The cause or causes of Alzheimer's disease are unknown. However, scientific research has begun to point in several directions. Neurotransmitter deficits have been implicated, with a deficiency of the neurotransmitter acetylcholine being a prominent and consistently identified deficit. Acetylcholine is one of several chemicals that carry nerve impulses from one neuron to another in the brain's communication system. It is not yet known, however, whether destruction of the cells that make acetylcholine is a cause or a consequence of Alzheimer's disease.
In addition, there is evidence to suggest that a defect in a single gene on Chromosome 21 has been linked to a form of the disease called Familial or Early Onset Alzheimer's disease. For most patients, however, genetic involvement is less clear. Scientists are also exploring the importance of theories such as a slow virus, environmental toxins, amyloid and other physical conditions that can trigger the disease.

Researchers worldwide are working to develop psychosocial and medical interventions to help sustain or raise the functional capabilities of persons with Alzheimer's disease. Studies show that stimulating, non- challenging activities, planned according to an affected individual's remaining capabilities can be successful in raising the quality of life for Alzheimer's patients.

Approval in the United States and France of the drug tacrine for mild to moderate Alzheimer's disease is a significant milestone. It is the first drug to have an effect on cases of mild to moderate Alzheimer's disease, and has provided some Alzheimer's patients with improved cognitive performance and the ability to perform many activities of daily living. Studies on the efficacy of tacrine were reported in the Journal of the American Medical Association (JAMA), April 6, 1994; Vol. 271, No. 13.

Recently, 3  drugs have been approved by the U.S. Food and Drug Administration for treating Alzheimer's disease. All have been shown to help only in the early stages of the disease. They work on some symptoms, slowing memory loss and decreasing agitation; they do nothing to attack the cause or to slow the progression of the disease.

At the recent World Alzheimer Congress, researchers released results of a study of a drug, Memantine, that helped with moderate to severe cases of the disease. The drug is the leading prescription for dementia in Germany, where it has been available for more than a decade.

Memantine does not slow the disease, but it helps patients with tasks of daily living: eating, dressing, bathing. It also improves a patient's sense of well-being for a few months. The drug's benefits are limited, and it is known to help for only a short time.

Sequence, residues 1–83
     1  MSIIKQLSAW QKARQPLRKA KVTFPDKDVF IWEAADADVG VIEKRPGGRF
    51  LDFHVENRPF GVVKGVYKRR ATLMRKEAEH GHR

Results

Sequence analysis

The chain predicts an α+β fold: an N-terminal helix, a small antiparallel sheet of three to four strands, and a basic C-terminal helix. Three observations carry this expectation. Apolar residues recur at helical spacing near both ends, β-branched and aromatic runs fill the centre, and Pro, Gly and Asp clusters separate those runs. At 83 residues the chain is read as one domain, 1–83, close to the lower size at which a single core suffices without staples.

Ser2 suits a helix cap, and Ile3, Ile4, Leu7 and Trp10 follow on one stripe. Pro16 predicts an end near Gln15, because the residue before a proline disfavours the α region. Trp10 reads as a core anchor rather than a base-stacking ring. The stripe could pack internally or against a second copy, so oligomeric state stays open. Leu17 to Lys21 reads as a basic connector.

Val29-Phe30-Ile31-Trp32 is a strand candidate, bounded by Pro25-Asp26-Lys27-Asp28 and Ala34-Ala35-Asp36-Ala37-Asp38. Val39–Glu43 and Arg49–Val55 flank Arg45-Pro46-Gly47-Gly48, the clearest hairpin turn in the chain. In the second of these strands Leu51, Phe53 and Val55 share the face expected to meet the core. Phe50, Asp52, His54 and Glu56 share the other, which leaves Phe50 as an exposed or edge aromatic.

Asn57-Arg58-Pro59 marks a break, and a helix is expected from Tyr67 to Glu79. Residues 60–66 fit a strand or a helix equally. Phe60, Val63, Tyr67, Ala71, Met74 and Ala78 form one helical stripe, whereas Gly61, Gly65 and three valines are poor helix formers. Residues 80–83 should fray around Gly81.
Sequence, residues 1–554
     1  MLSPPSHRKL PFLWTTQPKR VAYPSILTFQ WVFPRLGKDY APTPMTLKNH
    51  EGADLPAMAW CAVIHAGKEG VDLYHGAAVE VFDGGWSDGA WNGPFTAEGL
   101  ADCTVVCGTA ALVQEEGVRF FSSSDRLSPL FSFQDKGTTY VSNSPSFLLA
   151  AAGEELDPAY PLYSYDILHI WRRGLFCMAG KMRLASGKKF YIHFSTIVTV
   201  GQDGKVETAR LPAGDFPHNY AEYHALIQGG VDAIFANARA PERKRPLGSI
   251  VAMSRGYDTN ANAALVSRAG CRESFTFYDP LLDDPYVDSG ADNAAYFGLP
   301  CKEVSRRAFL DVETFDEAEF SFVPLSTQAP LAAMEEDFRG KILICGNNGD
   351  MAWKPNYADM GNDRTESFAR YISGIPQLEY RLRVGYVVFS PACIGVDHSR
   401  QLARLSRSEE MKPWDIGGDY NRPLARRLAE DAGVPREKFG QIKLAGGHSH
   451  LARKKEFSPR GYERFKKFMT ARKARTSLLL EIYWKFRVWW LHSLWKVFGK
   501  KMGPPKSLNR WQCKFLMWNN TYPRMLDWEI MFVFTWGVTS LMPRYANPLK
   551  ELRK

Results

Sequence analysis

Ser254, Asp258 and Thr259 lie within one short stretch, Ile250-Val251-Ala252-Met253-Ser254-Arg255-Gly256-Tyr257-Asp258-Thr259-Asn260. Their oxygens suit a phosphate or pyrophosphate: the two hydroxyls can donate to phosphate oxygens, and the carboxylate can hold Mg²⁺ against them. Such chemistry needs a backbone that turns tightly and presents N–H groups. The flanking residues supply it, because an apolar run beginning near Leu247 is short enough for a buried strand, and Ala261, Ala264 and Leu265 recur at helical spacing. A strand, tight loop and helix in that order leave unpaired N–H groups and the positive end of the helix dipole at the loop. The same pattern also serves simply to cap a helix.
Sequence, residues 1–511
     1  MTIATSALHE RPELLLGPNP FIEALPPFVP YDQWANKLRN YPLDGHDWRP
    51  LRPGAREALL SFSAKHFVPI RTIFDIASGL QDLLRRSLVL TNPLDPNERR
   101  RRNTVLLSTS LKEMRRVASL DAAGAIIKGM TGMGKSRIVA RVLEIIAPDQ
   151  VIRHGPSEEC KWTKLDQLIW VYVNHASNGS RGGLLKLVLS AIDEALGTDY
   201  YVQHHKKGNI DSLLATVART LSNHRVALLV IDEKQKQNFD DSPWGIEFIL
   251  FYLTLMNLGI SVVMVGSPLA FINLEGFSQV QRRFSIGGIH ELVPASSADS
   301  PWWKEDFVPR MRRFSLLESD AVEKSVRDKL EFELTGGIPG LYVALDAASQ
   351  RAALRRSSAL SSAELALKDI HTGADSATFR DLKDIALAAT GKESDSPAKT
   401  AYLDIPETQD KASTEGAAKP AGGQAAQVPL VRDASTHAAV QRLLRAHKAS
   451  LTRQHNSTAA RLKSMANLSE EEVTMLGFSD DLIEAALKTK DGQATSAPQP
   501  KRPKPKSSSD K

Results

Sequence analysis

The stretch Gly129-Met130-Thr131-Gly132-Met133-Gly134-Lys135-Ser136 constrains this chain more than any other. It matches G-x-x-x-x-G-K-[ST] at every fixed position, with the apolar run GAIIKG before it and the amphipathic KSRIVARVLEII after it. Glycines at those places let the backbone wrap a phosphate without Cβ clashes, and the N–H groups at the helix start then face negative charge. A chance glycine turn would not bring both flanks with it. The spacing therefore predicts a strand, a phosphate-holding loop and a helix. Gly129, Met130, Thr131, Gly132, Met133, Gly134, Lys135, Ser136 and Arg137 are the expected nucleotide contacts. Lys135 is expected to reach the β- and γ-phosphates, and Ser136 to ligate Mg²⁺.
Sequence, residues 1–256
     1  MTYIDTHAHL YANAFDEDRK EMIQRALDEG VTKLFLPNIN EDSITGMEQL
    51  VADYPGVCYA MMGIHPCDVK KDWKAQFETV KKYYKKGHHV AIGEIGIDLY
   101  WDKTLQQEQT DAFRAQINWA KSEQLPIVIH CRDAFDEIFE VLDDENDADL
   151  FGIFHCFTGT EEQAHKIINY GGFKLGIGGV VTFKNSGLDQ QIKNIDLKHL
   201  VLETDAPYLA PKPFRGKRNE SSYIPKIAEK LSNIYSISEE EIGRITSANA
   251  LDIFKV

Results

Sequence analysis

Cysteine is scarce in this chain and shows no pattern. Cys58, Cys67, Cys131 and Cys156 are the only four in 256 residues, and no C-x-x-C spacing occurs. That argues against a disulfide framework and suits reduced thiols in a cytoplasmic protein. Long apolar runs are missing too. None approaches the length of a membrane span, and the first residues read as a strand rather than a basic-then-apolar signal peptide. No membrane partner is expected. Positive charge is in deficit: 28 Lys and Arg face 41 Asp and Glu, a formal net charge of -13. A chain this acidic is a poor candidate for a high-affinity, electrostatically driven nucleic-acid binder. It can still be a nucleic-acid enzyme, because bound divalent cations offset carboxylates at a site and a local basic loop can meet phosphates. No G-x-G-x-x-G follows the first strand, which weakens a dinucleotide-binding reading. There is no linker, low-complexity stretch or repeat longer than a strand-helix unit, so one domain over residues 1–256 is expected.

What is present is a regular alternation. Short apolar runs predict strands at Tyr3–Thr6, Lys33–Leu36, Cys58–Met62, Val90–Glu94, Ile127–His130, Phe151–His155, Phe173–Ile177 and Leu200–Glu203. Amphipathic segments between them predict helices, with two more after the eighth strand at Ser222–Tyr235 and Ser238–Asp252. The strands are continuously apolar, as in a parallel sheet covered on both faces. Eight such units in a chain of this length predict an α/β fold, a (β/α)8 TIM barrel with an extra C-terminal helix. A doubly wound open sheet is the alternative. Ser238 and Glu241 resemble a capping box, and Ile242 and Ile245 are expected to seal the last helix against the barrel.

Research and Development
Drugs currently being studied include those relating to nerve growth factor, which prevent the loss of neuronal activity; calcium channel blockers, which have been reported to improve memory in older animals ; drugs that increase the level of acetylcholine; and those that augment the release of dopamine, serotonin and other neurotransmitters that seem to be associated with Alzheimer's disease.

Advances are also being made in genetic studies of Alzheimer's disease. Researchers are investigating protein thought to create neurofibrillary tangle associated with the disease and the gene related to the production of that protein. Dr. Alan Roses at Duke University found that 80 percent of Alzheimer's patients may have developed the disease due to a gene related to the production of apolipoprotein E4.

Rachel Billington, Alzheimer's Disease International, 312-335-5777.


  1. Alzheimer's Disease Fact Sheet. Alzheimer's Association, 1990, p. 1.
  2. Ibid.
  3. Ibid., p. 2.
  4. Alzheimer's Disease Learning Program. Parke-Davis, pp. 2.2 - 11 - 15.
  5. Stages of Symptom Progression in Alzheimer's Disease. Alzheimer's Association, pp. 1-2.
  6. Alzheimer's Disease: An Overview. Alzheimer's Association, p. 2.
  7. Alzheimer's Disease Learning Program. Parke-Davis, pp. 2.2 - 10.
  8. Alzheimer's Disease and Related Disorders Fact Sheet. 1990, pp. 1-2.
  9. Alzheimer's Disease: An Overview. Alzheimer's Association, p. 4.
  10. In Development: Alzheimer's Medicine. Pharmaceutical Manufacturing Association, November 1989, p. 1.
  11. Starr, Cynthia, R. Ph.D., "Alzheimer's Drug Research: Where is it headed?" Drug Topics, December 14, 1992, p. 38.

Other Information

  • In Italy
Associzione per la Promozione delle Ricerche Neurologiche
Via V. Colonna, 2
20149 MILANO
Tel. 02/49844472 Fax 02/48193105
  • Associazione Malattia Di Alzheimer Milano
Via Marino, 7
20121 MILANO
Tel./Fax 02/875781